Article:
There is probably nothing that the collective needs more right now than to attune to the natural world and all the teachings its ways embody.
The ways of nature can be very edifying to those paying attention. Based on a lifetime of acute observation of the world of plants, Elizabeth Robechek, MLA, has begun a series of art books that will provide both comfort and inspiration to those destined to create unusual life landscapes.
Like the individuals she addresses in her planned series of eight art books, Elizabeth was born to be different. Oh, dear. Can’t have that. And so when she returned home from playing by the creek as a child with accounts of what trees, rocks, clouds, water, and animals had shared, the wonder of such moments was quickly stifled.
Such atunement is not uncommon among children, but due to adult intervention, it is typically disowned around age three or four. Elizabeth ceased to share her insights but never relinquished her perception, which became a tremendous asset in her career as a landscape architect.
To put it simply, Elizabeth does not impose her will on a space; she consults with it just as respectfully as she works with the ideas of her clients. In 2012, the approach won international recognition at a juried exhibition in Vienna.
Elizabeth is a longtime friend, and she too was drawn to Santa Fe by its beautiful natural setting and its famed hospitality for creative individualism. A Midwesterner, she received her MLA at Ohio State University. She had managed a successful landscape architecture firm in Columbus for about thirteen years when she drove through Santa Fe on her way to a much-needed break in Arizona. Like artist Georgia O’Keeffe after her first visit, she was always on her way back.
Soon after moving here in 1999, she was working at Clemens & Associates where the idea for her books continued to germinate. So did an approach to design that would create a “heartful” space in which clients would thrive. After years of creating landscape designs and managing installations both on staff and independently, she now divides her time between Santa Fe and Montpelier, Vermont, where she has family.
Like many people driven by unusual creativity, Elizabeth has met many of the challenges that characterize the unconventional path. She likens the journey to that of a seed fulfilling its potential. The entire series of her books will cover every step of the process—removing the seed coat, germinating, rooting, leafing, branching, flowering, fruiting, and seeding. The first two books, Removing My Seed Coat and GPS: Germination Power Surge, are now available.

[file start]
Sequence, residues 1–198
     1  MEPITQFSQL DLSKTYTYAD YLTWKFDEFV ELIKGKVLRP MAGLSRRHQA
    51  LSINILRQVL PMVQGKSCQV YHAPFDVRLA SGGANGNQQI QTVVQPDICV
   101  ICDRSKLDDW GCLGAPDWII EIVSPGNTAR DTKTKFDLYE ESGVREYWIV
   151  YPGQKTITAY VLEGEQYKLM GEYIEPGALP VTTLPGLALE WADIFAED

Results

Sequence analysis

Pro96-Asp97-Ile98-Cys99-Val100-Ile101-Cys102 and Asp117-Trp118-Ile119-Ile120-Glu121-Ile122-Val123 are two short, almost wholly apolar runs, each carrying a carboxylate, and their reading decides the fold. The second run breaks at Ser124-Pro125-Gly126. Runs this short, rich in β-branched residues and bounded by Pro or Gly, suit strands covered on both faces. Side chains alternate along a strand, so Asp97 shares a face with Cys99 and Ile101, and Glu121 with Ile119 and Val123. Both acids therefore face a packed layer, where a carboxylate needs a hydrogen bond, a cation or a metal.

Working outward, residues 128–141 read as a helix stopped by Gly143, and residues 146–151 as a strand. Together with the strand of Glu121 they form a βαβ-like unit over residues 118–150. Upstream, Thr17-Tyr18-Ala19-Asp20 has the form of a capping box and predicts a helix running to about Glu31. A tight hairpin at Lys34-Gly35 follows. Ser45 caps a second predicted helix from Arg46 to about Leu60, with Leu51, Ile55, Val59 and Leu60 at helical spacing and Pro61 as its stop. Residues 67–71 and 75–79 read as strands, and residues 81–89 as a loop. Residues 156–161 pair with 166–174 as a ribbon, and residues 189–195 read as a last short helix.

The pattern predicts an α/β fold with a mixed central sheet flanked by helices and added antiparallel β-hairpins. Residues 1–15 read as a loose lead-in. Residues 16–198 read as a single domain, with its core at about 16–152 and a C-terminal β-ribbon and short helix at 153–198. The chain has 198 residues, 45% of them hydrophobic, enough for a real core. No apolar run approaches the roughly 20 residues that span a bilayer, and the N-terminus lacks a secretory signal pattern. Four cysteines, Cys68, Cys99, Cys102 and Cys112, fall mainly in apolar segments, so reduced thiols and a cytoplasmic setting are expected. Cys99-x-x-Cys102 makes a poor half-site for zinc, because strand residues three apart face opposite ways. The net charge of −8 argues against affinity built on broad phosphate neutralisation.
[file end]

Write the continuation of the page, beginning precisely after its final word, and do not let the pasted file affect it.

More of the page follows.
As I said, the material derives from Elizabeth’s sensitive observation of nature’s ways and will. In the first book, one phrase after another in the voice of the seed offers understanding to those who have embarked on arduous, adventurous, and unusual journeys in pursuit of fulfillment. My favorite line wonders, “ . . . am I a mistake or a gift . . .”
As Elizabeth reveals, the necessary destruction of the seed coat can be brutal and even dangerous, as can be the human escape from confining expectations in order to fulfill clamoring potential. Some seed coats need to be burned or abraded to free the seed. In other cases, the seed is readied for growth in the digestive tract of a creature. The drive to sprout often fails, but Removing My Seed Coat ends in an upbeat way, an escaped seed airborne and ready to touch down where germination can begin.
The seed coat book unfolds; the one on germination folds into a kind of sculpture. When lying flat, the paper of the latter resembles a child’s “fortune teller” game. This one supportively acknowledges the pathways “the bud apparent” may explore before finding the ground on which a powerful surge of germination is possible.
I have observed Elizabeth working on the ideas for these books for years, and the concept of the series seemed to become increasingly timely. There is probably nothing that the collective needs more right now than to attune to the natural world and the teachings its ways embody.
Consider in particular the need of the feminine to emerge from the confinement imposed by patriarchy in order to fulfill a potential civilization has never really seen. There is encouragement here to consider the dangerous and yet urgent need to escape the seed coat, and “hard cussed” as Elizabeth puts it, “break forth into all (we) came here to be.”
I can see the books being used for both teaching and inspiration in conferences, workshops, seminars, and discussion groups. They would be a wonderful addition to any gathering where both men and women are developing ways to live more wisely, respectfully, and sensitively on this beset planet.
The remaining six books, whose differing designs Elizabeth is already planning, will be costly to produce; and I hope this blog will help her secure the financial support necessary to fulfill her dream. You can read more about Elizabeth at her web site at www.eartheartworks.net, and the books are available there as well. (For some reason, WordPress is not recognizing this web address, so please just copy it to your browser.)
(Elizabeth worked in Santa Fe with Michelle Mosser of Grace Communications at www.gracecom.ws on the production of both books.)